The first remark on this collection is that the pieces here are remarkably difficult, even for very experienced players in this genre.
The two solo sequenzas extend the resources of the players in remarkable ways.
Sequenza IV is apparently a favorite piece now at piano competitions; one of the hardest aspects of its performance is its very difficult time structure. The piece seems to contain two basic types of structure - dense polyphonic chords, or very fast, nervous lines of melody which contain variable elements wrapped around the same centre. The effect is to express ideas which are dramatic and very complex. The beginning two chords (which can be interpreted as a conventional dominant to tonic progression of two generators), is the beginning of an idea which reappears at the end with the final set of chords, transformed, and subdued. There is a great deal of excitement and fury inbetween, one short section containing fast, hammer like tone clusters - here the piano is truly played as a percussion instrument - and the very interestng thing is how this short, intense section resolves very quickly and successfuly into something with a local tonal texture - quite a surprise, and worth hearing the piece for.
Sequenza IXa for saxaphone is demanding if for nothing but its quite considerable length as a solo piece. It contains narrative elements which are very reminiscent of jazz, and possibly has one of the strongest unambiguous tonal feel of all the sequenzas.
Serenata I is an early work which is in some ways connected to the kind of world inhabited by the first sequenza, in which the dominant feel and texture is somewhat freer than strict serial technique, probably somewhere in the journey from Allelujah II to the kind of writing that characterised the later pieces such as Differences. It has a very strong set of themes which develop in an appealing way.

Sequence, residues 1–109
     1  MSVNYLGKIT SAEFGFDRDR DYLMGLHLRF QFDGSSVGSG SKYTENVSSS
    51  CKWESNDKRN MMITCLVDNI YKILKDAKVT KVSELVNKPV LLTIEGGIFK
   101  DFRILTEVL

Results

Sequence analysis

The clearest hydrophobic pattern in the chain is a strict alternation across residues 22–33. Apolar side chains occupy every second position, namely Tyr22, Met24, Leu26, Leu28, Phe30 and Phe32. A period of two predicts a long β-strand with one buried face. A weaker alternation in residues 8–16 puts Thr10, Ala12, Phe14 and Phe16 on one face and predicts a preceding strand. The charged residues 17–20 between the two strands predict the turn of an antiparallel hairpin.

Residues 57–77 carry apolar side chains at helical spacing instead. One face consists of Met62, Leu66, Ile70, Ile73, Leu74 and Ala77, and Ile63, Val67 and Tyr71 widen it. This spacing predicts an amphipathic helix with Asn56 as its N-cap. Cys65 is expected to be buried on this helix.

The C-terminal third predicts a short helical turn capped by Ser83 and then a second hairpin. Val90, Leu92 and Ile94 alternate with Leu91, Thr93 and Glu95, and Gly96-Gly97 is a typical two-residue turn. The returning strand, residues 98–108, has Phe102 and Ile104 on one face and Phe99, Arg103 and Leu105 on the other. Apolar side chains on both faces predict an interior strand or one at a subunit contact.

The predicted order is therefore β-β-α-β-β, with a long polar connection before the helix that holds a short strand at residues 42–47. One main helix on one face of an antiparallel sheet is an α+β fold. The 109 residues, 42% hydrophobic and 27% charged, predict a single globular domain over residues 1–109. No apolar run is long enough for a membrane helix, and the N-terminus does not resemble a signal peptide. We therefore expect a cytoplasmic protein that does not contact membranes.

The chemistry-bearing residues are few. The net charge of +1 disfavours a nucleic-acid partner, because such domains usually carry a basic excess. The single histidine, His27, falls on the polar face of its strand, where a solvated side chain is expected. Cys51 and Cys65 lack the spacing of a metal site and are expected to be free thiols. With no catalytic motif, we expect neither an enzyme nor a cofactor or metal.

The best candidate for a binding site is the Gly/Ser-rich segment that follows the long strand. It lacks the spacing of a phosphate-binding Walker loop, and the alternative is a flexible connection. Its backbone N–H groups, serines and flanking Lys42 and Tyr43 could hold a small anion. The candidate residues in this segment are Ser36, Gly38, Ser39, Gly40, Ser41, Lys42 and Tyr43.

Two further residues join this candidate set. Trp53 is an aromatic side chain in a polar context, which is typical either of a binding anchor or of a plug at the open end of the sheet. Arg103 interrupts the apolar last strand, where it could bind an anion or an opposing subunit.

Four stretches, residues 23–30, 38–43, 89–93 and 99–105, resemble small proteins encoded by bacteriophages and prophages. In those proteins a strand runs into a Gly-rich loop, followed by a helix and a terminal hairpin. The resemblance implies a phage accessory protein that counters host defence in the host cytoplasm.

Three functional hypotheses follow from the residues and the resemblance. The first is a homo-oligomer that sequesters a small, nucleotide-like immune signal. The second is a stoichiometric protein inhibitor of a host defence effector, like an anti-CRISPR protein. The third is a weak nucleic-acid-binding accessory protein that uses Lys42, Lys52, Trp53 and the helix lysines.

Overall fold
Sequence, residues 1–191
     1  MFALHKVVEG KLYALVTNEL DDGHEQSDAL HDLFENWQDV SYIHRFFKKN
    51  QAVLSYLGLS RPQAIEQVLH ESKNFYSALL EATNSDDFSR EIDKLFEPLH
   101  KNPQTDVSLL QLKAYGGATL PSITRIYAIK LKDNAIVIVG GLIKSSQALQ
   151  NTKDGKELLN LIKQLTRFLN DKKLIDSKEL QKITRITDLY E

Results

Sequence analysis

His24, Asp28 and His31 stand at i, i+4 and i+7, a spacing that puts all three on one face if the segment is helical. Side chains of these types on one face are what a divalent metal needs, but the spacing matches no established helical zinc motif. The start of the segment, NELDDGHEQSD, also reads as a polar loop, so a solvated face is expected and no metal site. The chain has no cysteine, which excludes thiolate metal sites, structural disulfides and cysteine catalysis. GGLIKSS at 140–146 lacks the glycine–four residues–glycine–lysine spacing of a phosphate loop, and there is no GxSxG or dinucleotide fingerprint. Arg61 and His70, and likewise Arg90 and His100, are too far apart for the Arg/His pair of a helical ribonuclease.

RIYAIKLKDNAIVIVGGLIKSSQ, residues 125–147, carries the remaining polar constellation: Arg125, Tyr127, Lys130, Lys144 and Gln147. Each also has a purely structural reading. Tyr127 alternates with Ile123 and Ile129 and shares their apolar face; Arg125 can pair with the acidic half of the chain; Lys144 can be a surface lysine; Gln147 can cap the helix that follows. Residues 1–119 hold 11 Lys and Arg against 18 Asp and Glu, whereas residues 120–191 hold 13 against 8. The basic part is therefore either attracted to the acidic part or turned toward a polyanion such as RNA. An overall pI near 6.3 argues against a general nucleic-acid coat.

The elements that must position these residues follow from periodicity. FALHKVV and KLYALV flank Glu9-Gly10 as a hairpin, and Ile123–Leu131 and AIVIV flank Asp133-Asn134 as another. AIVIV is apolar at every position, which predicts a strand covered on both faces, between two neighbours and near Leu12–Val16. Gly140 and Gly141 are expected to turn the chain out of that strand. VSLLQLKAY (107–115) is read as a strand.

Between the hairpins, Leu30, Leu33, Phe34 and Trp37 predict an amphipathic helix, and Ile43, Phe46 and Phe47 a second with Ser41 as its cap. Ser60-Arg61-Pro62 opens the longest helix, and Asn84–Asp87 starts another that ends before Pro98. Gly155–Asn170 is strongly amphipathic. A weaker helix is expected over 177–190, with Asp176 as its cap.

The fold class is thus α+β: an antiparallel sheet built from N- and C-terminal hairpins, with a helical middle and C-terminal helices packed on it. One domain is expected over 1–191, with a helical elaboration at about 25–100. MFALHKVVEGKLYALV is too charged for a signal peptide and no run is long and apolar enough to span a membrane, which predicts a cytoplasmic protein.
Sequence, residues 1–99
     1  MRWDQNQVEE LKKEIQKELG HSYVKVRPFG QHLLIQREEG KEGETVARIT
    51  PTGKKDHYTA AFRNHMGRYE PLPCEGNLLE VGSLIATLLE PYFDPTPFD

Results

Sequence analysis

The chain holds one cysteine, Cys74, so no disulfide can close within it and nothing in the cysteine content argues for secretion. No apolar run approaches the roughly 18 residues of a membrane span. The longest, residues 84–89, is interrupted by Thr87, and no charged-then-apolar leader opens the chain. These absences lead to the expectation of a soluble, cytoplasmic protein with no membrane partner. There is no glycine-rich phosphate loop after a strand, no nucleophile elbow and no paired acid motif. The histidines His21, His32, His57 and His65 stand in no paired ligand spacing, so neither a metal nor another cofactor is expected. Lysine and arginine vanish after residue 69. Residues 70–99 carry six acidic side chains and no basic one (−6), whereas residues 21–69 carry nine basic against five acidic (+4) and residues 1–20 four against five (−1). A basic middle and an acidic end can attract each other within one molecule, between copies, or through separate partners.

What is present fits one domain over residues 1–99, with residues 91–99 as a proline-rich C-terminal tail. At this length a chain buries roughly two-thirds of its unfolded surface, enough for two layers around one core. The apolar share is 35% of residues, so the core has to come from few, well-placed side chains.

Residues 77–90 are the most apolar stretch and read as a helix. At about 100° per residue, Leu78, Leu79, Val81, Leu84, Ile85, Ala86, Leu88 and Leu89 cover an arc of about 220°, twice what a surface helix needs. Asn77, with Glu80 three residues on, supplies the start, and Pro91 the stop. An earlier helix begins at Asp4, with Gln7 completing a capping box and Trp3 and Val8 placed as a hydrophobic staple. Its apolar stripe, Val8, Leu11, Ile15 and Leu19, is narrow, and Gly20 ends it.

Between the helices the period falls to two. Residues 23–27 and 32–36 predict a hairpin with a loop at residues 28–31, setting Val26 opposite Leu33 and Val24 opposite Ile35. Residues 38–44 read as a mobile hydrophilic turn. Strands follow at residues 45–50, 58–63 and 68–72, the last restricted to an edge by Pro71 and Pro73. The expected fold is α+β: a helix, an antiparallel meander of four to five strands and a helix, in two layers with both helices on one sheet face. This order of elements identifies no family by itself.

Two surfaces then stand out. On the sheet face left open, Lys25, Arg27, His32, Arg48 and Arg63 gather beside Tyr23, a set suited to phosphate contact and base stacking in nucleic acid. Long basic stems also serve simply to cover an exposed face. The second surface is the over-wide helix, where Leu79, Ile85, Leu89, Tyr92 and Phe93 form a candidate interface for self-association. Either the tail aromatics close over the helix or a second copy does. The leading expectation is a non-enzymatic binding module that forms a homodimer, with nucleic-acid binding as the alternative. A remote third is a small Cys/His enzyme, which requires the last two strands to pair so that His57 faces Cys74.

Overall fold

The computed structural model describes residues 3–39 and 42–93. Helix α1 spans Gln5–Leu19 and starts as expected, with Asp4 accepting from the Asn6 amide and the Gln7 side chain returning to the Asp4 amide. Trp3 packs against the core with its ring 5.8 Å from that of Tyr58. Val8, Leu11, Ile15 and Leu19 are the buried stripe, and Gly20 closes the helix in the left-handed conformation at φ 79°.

O King might be familiar as the second movement of Symphonia, and is dedicated to Martin Luther King. That name is repeated softly under a blanket of sounds, soft and disquieting, with the intonation of voices and brass mingling and interchanging. A inquiet elegy.
Linea is a remarkably difficult piece to play, requiring considerable expertise not only for each player, but as a group. Scored for two pianos, marimba, and vibraphone, it consists of thirteen movements which are played more or less without a break - Manege I, Entree I, Ensemble I, Manege II, Ensemble II, Manege III, Ensemble III, Entree II, Coda I, Allegro. Coda II, Ensemble IV, Notturno.
Each is characterised by a separate treatment of a developing theme which starts from a very simple idea - a minor third (C sharp to E) repeated softly by all members of the ensemble, then slowly developed into more complex melodic material.
The beginnning theme often reappears, but sometimes in an unfamiliar rhythmic context, and often incorporated into larger structures, sets of chromatic arpeggios which stride over several octaves.
The difficult nature of the work lies in the very close homophonic style of writing, varying from a moderate speed to sometimes very fast, making demands on sychronisation and accuracy considerable.
The music alternates between a single line of melody and a more polyphonic sound, but I suspect that the title "Linea" comes from the intent to describe a process, a long thread, where the origin and destination are singular and mysterious.
The final movement is very captivating, and has a soft, ambiguous ending (a tremolando chord with C, F, E, A flat, C Sharp, G, F Sharp, E flat, D, B, and A). But by this time this sound has been in the listeners ear for some time, either as melodic material, or a harmonic fragments, and there is a definite sense of arriving in the new country.